Last edited by Zathras; 08-08-2012 at 04:03 PM.
Lawrence v. Texas. But sodomy (even heterosexual oral sex) was banned in some states until 2003. Reason being that sodomy laws were conveniently used selectively to persecute gays (what was happening in the privacy of their bedroom in their home mind you), if not to gain an actual conviction, then to legally harass. Texas was interesting because gays and heterosexuals were treated differently, which the court ruled violated the 14th. Sexual privacy had already been established as a right in the 1960s and 1970s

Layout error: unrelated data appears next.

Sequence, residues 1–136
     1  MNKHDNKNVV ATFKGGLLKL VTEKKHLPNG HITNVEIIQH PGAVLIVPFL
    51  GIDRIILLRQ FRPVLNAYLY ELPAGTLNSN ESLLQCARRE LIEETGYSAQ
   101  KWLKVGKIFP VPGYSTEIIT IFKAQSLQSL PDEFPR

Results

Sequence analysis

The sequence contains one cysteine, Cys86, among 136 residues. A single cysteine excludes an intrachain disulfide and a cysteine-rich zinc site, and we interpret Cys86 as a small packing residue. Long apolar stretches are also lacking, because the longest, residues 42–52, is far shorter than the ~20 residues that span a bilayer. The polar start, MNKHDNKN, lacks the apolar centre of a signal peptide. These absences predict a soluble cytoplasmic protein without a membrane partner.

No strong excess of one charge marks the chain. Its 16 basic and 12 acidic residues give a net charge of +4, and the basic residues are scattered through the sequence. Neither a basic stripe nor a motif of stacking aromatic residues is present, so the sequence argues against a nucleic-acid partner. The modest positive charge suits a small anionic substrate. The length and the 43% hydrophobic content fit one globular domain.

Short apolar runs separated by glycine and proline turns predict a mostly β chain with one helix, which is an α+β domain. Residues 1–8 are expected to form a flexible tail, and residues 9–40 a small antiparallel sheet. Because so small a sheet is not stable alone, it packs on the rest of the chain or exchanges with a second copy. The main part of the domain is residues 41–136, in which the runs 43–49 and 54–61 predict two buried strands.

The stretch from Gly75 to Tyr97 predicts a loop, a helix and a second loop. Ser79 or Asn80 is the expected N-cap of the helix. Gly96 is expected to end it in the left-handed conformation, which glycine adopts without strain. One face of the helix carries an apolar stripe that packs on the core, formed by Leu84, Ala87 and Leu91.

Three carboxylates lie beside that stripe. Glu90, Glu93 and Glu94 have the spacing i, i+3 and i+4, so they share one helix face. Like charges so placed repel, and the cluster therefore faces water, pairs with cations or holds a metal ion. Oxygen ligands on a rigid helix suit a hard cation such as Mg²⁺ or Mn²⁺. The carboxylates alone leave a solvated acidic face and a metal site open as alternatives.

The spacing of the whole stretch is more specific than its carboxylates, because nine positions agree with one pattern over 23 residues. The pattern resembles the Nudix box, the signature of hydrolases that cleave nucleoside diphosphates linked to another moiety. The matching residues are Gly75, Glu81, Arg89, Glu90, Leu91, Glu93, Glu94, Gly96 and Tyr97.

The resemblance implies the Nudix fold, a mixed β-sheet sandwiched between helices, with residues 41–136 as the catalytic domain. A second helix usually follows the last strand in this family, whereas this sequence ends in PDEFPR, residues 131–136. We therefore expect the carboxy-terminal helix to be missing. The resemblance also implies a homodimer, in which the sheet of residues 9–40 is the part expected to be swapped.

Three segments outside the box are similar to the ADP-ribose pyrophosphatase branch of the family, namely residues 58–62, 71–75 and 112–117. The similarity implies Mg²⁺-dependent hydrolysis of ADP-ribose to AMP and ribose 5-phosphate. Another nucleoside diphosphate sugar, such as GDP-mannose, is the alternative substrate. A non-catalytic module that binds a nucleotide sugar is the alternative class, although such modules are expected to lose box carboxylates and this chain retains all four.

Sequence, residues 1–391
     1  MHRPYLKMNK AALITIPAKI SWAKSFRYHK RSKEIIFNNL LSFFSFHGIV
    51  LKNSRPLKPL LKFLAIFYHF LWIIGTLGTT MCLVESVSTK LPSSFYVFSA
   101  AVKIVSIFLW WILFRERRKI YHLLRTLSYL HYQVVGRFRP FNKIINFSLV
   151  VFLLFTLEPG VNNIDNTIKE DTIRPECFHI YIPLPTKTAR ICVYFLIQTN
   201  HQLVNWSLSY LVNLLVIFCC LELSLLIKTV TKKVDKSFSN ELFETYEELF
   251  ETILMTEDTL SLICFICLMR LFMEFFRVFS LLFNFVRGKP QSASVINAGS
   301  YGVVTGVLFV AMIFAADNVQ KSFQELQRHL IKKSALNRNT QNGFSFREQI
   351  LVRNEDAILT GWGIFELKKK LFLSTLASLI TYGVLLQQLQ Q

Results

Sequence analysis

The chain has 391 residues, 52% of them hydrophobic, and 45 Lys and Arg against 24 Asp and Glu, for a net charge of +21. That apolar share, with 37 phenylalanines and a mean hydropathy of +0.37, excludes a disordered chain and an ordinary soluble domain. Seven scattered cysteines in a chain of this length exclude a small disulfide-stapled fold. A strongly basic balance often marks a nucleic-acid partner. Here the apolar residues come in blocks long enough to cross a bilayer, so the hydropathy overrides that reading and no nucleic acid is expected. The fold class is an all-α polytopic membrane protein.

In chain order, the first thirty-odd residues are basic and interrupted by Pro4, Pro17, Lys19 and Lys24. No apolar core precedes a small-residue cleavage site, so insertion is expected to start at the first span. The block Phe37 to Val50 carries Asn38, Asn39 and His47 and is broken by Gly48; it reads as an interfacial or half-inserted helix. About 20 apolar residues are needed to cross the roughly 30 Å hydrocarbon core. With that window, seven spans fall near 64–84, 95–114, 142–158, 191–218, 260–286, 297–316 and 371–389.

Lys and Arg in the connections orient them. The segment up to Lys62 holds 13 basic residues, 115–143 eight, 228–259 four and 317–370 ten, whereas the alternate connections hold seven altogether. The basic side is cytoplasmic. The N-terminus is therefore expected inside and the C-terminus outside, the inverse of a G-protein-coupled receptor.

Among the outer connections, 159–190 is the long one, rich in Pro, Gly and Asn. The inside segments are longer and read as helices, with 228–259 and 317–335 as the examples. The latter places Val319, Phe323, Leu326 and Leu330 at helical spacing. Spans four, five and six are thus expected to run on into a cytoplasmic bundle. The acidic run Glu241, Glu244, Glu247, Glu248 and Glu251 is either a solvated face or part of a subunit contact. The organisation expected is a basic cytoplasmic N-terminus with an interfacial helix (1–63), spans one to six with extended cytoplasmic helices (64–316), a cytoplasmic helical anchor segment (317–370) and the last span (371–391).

But you really have to put this in context. Until 1972, cops could legally bust down your bedroom door on suspicion of having sex with someone you weren't married to (two consenting adults of different genders). I don't think gays were being particularly singled out; really it was about a loosely defined sense of sexual morality clashing with the 1960s counter culture. Thing is, once straight people won the sexual privacy right the 14th implied it also held for gays.
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